Kate is the Regional General Manager, TAFE NSW West region. She is responsible for a region which is larger than France, stretching from Broken Hill to Lithgow and up to Queensland. Her region has 40,000 students, many in small, remote communities. In 2018, she was awarded the AM for significant service to education administration in rural New South Wales, to training programs for Indigenous students, and to the community.
Kate Baxter AM: A leader must be prepared to do the difficult things that no-one else wants to do
When asked about leadership, Kate begins by dispelling a myth. “There are lots of stereotypes about what a good leader has to be like but different kinds of people can make good leaders.” For example, “Many people think only extroverts can be good leaders. I have an introverted personality but this doesn’t impede my ability to lead.”
She lists four aspects of good leadership. The first is relationships. “To lead, you must have someone following you.” Not everyone has to be a leader. Leaders and followers need each other, so you must be able to form and maintain relationships. Trust must exist for productive leadership.
The second is vision combined with the ability to communicate that vision. Kate feels strongly that having a vision without being able to communicate it is not leadership, so communication skills are crucial. Good leadership also includes the ability to communicate a consistent message about the vision in different ways, so you engage people’s passion in what they are doing.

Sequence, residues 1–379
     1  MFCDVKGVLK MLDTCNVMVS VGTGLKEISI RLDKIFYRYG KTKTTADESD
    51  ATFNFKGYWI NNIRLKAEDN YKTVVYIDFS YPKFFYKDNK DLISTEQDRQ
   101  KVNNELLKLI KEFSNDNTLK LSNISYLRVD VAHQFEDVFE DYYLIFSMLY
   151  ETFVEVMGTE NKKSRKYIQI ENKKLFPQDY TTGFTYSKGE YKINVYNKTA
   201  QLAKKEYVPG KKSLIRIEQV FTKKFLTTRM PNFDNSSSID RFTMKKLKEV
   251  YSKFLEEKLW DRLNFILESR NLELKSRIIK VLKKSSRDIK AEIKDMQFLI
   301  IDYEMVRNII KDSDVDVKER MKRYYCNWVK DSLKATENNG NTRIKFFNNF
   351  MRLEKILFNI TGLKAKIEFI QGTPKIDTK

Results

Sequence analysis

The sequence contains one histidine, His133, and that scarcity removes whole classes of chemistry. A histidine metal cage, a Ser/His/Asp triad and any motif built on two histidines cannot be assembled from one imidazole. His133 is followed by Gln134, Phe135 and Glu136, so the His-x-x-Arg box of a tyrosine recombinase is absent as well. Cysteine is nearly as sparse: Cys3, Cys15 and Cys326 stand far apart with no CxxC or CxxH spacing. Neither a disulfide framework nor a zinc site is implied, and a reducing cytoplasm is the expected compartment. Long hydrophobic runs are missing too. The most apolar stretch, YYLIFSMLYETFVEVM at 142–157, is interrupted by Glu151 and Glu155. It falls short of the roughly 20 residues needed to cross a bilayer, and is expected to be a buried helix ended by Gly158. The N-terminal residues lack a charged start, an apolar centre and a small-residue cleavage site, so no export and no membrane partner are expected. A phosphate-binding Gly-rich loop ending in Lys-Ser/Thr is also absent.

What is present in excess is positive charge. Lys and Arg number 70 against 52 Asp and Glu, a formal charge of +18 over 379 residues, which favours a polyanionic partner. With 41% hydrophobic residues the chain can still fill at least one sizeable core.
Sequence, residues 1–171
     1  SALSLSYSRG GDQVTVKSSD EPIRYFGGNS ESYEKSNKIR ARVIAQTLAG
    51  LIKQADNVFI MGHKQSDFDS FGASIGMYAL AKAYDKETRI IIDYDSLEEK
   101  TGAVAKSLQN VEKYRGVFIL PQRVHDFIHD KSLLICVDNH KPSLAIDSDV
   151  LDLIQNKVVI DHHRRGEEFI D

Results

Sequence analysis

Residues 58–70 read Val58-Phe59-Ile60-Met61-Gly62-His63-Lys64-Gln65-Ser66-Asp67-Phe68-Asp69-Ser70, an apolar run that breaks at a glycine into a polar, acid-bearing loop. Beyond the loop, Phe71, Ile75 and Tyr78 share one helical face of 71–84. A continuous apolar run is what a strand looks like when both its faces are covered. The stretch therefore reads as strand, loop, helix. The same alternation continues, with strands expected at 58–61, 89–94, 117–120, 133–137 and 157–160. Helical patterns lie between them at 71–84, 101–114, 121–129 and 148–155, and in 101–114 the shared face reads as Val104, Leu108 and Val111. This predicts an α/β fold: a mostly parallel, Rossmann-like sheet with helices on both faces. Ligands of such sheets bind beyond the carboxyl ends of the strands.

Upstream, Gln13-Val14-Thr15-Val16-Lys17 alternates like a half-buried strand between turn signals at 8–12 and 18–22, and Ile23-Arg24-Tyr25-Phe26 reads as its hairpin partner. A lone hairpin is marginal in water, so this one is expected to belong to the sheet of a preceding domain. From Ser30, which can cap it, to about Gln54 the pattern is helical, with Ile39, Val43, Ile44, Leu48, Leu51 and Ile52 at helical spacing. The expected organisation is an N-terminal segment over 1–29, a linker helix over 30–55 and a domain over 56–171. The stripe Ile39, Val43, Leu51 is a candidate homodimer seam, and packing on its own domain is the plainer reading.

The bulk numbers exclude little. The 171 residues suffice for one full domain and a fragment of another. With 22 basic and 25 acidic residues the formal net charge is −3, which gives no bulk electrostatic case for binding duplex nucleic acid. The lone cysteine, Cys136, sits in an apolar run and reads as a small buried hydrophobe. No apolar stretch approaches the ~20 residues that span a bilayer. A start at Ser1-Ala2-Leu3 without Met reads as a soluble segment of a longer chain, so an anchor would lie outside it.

The third is courage. A leader must be prepared to do the difficult things that no-one else wants to do. She gives two examples. The first is having the difficult conversations with the people who work for you. The second is keeping your own integrity intact, doing what you know needs to be done.
The fourth is looking over the horizon. A leader must be able to see further than the people who are following her. The leader must be alert to what’s coming and communicate that back to people.
When we asked Kate about a leader who inspired her, she gave an example from very early in her career. Kate was given a leadership role only 18 months after completing university. She was asked to lead service development and delivery for survivors of sexual assault, both women and children. She was given responsibility for designing and implementing a whole new area of service across Central Western NSW.
Kate was responsible for a small team and was asked to lead policy, delivery and accountability across the region. This forced her to think about leadership for the first time.
The leader Kate spoke about was responsible for the program state-wide. The first characteristic Kate admired was her ability to remain calm under pressure, no matter what was going on. Kate said she has always tried to do this herself, ever since. The second was that the leader was very strategic, which meant she was not overwhelmed by opportunities or challenges. Kate said this led her to try to always think more strategically.
The third thing Kate learned was when the leader conducted training for the regional managers. The leader drew a picture of a tree, with roots, the trunk and leaves. The leader said that far too often we go straight to the leaves but we must start with the roots and the trunk. If the strategy is planted firmly, the leaves will follow. But if we start from the leaves, the strategy won’t last.
For Kate, this meant she went back to her line manager and gained approval to build the strategy for six months before implementing any service provision. She took the time to visit all the towns in the area to get people on board so she could build the strategy into the communities. The result was that the strategy Kate developed is in still in place today – and, she told us, she still has her copy of the tree drawing – 32 years later.